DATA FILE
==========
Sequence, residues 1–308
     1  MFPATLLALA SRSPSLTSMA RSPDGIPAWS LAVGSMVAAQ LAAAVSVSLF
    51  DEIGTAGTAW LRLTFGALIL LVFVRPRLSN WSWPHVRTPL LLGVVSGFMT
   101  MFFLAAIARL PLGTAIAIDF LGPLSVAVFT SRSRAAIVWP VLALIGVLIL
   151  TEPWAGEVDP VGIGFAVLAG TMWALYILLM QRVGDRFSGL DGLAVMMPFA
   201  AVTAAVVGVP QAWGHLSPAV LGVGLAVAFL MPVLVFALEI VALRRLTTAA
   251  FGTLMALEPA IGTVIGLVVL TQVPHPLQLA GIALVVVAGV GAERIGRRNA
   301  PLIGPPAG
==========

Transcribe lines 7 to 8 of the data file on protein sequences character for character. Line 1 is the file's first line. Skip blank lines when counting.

   251  FGTLMALEPA IGTVIGLVVL TQVPHPLQLA GIALVVVAGV GAERIGRRNA
   301  PLIGPPAG